Loans to companies with an
External Credit Score
of between 70 and 80 exhibited significantly adjusted higher loss rates (2.63%) than any other external credit score band (including those bands with lower credit scores!)
The reasons for some of the patterns we observed seem pretty obvious – companies that make more profit should find loans easier to pay back and likewise, companies with a large ‘buffer’ (shareholder funds), should still be able to make repayments even if unforeseen events occur. Expansion and growth is always a risky time for a small business, so it makes sense to see that as the riskiest reason to borrow and companies with a lower debt burden may be more likely to be able to service additional debt (although this metric could be taken a step further by examining the financial leverage of the company – EBITDA/Net Debt). We were surprised to see such a variation across the UK’s regions with the data suggesting that the north-south divide is very much in existence with respect to SME default rates (for Funding Circle loans at least).
One finding that has us scratching our heads is the peak in defaults for loans with an External Credit Score of between 70 and 80. We’ve broken it down and it is definitely statistically significant, not caused by idiosyncratic defaults. We’ve bounced around many theories about what could be causing this phenomenon, but have been unable to confirm any of them from the data. We’d love to hear any reader’s ideas on why this effect may be present.
If all of these risk factors are observable, then why do Funding Circle’s investors not take them into account when selecting loans? There could be many reasons:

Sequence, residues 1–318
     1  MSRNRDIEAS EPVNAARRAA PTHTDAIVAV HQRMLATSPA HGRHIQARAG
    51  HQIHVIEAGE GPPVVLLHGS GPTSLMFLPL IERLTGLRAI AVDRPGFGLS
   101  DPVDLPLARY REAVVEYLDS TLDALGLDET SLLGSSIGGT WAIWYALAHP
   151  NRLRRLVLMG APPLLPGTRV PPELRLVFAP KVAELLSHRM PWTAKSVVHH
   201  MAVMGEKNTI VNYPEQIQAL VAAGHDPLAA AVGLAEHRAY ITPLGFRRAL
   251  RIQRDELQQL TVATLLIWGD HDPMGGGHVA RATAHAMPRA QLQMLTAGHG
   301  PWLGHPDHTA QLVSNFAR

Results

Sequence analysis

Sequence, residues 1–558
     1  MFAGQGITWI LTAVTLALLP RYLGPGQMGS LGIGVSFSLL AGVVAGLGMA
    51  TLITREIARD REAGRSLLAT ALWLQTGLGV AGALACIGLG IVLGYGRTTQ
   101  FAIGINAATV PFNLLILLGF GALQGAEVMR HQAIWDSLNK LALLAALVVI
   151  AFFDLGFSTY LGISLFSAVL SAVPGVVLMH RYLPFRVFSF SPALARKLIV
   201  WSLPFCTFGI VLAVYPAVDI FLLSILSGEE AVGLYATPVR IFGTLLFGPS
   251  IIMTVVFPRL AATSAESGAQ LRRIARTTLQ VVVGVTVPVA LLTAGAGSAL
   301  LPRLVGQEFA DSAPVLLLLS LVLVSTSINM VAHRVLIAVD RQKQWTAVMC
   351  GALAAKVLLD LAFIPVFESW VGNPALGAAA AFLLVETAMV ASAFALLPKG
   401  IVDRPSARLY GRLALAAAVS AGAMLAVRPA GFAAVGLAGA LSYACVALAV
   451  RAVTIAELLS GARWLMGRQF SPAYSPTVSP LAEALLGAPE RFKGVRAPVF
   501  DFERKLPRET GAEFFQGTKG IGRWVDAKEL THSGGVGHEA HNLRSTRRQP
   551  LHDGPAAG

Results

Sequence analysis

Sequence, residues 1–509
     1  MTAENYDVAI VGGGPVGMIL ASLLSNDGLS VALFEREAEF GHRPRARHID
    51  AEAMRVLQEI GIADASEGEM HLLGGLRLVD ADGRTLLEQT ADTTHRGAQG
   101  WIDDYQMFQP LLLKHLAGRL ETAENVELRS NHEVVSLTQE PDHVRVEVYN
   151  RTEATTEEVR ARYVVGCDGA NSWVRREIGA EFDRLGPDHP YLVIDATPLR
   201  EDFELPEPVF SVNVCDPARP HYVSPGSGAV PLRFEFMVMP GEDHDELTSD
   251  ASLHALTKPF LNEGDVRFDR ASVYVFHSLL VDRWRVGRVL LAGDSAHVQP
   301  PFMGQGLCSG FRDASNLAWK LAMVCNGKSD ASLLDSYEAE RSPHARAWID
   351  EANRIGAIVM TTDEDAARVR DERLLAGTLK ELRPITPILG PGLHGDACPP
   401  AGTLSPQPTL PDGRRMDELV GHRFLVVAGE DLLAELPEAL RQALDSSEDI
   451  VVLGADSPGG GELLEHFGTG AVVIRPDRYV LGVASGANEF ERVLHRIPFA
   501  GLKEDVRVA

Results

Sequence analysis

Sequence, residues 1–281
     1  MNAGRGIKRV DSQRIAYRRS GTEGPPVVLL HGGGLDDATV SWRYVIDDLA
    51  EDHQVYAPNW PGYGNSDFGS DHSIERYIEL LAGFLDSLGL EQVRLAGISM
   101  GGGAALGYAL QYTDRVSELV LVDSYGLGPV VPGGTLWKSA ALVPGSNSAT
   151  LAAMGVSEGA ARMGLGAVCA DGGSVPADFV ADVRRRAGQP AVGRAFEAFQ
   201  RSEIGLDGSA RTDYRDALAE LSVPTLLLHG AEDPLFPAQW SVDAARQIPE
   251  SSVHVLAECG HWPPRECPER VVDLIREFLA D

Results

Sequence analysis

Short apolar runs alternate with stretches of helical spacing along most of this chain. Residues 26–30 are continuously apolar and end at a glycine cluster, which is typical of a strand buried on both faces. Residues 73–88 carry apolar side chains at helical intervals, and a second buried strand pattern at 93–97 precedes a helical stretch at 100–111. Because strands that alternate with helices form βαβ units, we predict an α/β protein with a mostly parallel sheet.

the loan book is relatively young and it has only been in the past few months that some of these patterns would have become apparent
some of Funding Circle’s investors might not have the time or expertise to do this sort of analysis
many of Funding Circle’s investors use the ‘autobid’ function which only allows investors to discriminate between Funding Circle credit rating as opposed to any of the other risk factors that we have identified.
Obviously, as with any analysis, there are limitations to this research. Whilst Funding Circle’s loan book is certainly the most comprehensive and oldest SME loan book in the UK, it is still relatively small and only has 4 years of lending history with the vast majority (over 75%) of loans having been made in the last 18 months. This means that the analysis is not carried out on full life cycle loans and also there is still potential for idiosyncratic risks to distort findings. Likewise, this analysis is backward looking and as we all know, ‘past performance is no guarantee of future returns’!
However, the conclusion is clear: to get the best return from Funding Circle loans, investors should invest actively (i.e. not use Auto-bid); consider factors other than just the Funding Circle credit rating when choosing their loans and use the unique wealth of data that Funding Circle provides to inform their investment decisions.
Next week we combine the findings from our loss rate analysis detailed above with an IRR analysis to see just how much difference active loan selection can make.
For any questions or comments, please contact: firstname.lastname@example.org